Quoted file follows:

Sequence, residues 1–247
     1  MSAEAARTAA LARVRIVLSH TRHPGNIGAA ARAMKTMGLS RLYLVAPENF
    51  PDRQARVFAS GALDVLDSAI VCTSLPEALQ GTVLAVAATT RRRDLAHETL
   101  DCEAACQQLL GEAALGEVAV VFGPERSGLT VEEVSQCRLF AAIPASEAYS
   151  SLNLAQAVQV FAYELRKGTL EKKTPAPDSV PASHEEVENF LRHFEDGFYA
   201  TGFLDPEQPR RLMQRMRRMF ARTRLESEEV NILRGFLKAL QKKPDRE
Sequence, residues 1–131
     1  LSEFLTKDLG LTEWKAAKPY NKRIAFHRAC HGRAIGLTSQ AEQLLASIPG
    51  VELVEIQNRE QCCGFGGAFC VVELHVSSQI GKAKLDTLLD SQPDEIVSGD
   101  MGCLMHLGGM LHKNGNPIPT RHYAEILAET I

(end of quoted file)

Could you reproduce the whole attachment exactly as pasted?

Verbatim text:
Sequence, residues 1–247
     1  MSAEAARTAA LARVRIVLSH TRHPGNIGAA ARAMKTMGLS RLYLVAPENF
    51  PDRQARVFAS GALDVLDSAI VCTSLPEALQ GTVLAVAATT RRRDLAHETL
   101  DCEAACQQLL GEAALGEVAV VFGPERSGLT VEEVSQCRLF AAIPASEAYS
   151  SLNLAQAVQV FAYELRKGTL EKKTPAPDSV PASHEEVENF LRHFEDGFYA
   201  TGFLDPEQPR RLMQRMRRMF ARTRLESEEV NILRGFLKAL QKKPDRE
Sequence, residues 1–131
     1  LSEFLTKDLG LTEWKAAKPY NKRIAFHRAC HGRAIGLTSQ AEQLLASIPG
    51  VELVEIQNRE QCCGFGGAFC VVELHVSSQI GKAKLDTLLD SQPDEIVSGD
   101  MGCLMHLGGM LHKNGNPIPT RHYAEILAET I